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What is Einsteinium

Einsteinium (pronounced as ine-STINE-ee-em) is a radioactive metal, belonging to the family of transuranium elements, and denoted by the chemical symbol Es. It has 16 isotopes out of which einsteinium-252 is the most stable one with a half-life of 47.1 days [2, 3].

Einsteinium Symbol

History of Einsteinium

Origin of its Name

The element is named after the renowned German physicist, Albert Einstein [1, 2].

Who Discovered Einsteinium

In 1952, a team of scientists led by American nuclear scientist Albert Ghiorso, discovered it [2].

When and Where was it Discovered

On 1st November 1952, a thermonuclear bomb explosion had been conducted on a small island near the Pacific Coast. After which, the residual radioactive material collected from the neighboring atoll was sent to Berkeley, California for examination. After a month of thorough analysis of the debris, done by Ghiorso and his teammates Stanley Thompson, Gregory Choppin, and Bernard Harvey, 200 atoms of einsteinium were discovered. Einsteinium-253 with a half-life of about 20 days was the isotope found from the debris that formed during the explosion when Uranium-238 underwent bombardment with neutrons and went through a chain of several decay reactions. However, nothing was officially revealed until 1955, due to security reasons [2, 4].

Classification and Position of Einsteinium on the Periodic Table [2]

Group Number Unknown
Group Name Actinides
Period 7
Block f

Location of Einsteinium in the Periodic Table

Properties of Einsteinium [1, 2, 3]

General Properties

Relative Atomic Mass 252

Physical Properties

Color/Appearance Unknown
Luster Unknown
Odor Unknown
Melting Point/Freezing Point  860°C (1580°F)
Boiling Point Unknown
Density Unknown
State of Matter at Room Temperature (solid/liquid/gas) Solid
Hardness Unknown
Electrical Conductivity Unknown
Thermal (Heat) Conductivity Unknown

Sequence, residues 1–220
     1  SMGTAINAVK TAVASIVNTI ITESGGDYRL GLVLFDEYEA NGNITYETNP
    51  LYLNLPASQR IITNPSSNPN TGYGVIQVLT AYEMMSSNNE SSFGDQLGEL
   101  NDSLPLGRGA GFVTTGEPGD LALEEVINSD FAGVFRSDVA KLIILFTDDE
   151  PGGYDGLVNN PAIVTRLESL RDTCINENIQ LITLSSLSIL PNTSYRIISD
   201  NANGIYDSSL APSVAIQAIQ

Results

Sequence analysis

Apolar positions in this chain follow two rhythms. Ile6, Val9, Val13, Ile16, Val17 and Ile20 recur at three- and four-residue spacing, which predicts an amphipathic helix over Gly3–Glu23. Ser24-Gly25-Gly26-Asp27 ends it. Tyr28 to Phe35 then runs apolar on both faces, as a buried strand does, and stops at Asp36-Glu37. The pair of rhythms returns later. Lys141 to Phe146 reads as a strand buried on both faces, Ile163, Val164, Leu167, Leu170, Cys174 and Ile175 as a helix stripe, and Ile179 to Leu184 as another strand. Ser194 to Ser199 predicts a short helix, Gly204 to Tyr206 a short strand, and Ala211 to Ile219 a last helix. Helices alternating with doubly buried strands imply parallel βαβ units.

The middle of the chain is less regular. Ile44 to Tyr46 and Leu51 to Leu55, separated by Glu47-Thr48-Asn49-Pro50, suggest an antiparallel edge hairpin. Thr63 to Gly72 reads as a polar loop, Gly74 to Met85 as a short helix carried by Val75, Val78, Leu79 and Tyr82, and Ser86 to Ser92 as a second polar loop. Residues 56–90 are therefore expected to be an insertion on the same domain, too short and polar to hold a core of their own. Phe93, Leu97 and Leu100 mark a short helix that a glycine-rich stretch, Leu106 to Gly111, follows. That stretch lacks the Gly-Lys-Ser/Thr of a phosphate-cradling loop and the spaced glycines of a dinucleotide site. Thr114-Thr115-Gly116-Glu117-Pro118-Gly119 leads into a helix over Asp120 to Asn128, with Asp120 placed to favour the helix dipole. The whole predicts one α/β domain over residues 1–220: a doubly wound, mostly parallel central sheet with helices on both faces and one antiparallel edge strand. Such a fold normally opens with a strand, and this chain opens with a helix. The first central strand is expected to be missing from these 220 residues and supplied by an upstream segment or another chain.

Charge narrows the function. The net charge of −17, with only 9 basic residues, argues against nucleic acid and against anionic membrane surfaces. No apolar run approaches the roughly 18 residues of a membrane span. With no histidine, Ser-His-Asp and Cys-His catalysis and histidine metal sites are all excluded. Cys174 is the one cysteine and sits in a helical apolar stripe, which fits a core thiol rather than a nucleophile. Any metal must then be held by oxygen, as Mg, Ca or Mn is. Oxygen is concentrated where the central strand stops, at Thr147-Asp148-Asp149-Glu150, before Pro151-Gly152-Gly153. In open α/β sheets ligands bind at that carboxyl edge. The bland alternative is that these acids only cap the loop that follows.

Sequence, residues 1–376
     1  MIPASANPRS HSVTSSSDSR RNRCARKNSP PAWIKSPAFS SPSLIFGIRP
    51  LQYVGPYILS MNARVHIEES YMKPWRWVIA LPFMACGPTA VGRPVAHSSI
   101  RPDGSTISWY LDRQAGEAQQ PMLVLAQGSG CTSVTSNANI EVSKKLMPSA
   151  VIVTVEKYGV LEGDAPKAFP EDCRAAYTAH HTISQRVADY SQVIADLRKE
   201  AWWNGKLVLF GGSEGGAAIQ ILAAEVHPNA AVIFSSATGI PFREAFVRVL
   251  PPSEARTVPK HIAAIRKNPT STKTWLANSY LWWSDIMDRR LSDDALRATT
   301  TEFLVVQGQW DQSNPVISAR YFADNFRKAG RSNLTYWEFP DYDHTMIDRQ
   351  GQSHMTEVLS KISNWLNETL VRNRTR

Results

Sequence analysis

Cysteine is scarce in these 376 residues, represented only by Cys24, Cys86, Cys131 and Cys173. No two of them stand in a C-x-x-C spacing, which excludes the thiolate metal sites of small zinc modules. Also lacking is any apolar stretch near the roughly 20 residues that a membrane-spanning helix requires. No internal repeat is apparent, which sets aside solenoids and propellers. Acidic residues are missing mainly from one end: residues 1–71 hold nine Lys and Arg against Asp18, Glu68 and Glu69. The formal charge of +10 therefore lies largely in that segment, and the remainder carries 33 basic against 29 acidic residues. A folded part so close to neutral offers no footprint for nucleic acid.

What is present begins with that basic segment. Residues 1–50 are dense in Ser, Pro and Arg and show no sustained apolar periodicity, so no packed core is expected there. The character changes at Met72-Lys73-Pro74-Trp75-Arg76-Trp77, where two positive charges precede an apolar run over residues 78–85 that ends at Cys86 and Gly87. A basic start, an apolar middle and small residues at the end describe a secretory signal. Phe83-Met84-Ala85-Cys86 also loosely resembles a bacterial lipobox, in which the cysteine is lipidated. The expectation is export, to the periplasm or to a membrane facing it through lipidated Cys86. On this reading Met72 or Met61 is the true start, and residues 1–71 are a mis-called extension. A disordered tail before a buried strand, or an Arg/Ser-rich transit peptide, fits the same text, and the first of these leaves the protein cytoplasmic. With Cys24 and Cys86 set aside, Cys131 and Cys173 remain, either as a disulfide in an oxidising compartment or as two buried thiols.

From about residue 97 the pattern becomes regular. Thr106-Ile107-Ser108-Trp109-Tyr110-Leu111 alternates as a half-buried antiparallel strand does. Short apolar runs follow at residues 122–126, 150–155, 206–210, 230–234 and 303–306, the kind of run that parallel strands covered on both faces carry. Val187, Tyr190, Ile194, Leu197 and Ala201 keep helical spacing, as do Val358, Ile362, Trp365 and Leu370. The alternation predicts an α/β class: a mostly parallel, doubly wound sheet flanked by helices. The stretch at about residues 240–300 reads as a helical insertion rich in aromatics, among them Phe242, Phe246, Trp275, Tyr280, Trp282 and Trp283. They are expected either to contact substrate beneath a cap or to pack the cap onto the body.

Chemical Properties

Flammability Unknown
Oxidation Number +3

Atomic Data of the Element [1, 2, 3]

Atomic Number 99
Valence Electrons 2
Quantum Numbers
– n 5
– ℓ 3
– m 0
– m s -1/2
Electron Configuration (Noble Gas Configuration) [Rn] 5f117s2
Atomic Structure
– Number of Electrons 99
– Number of Neutrons 153
– Number of Protons 99
Radius of Atom
– Atomic Radius 2.45 Å
– Covalent Radius 1.65 Å
Electronegativity Unknown
Ionization Energy


1st 2nd 3rd 4th 5th 6th 7th
619.44 1158

Einsteinium Bohr Model

What is Einsteinium Used for

Apart from basic scientific research, related to study of its properties, and production of other elements with a higher atomic number, Es has no commercial applications [2, 5].

Interesting Facts

  • The element was casually referred to as pandamonium by the team of discoverers before getting its official name, as the bomb testing experiment was code-named Project Panda [5].
  • The symbol of einsteinium was initially proposed as E, but IUPAC changed it to Es [5].
  • In 1955, the element was used to synthesize the first sample of the mendelevium [3].

Cost of Einsteinium

Since the element is synthetically produced in minute amounts, it cannot be found outside laboratory production.



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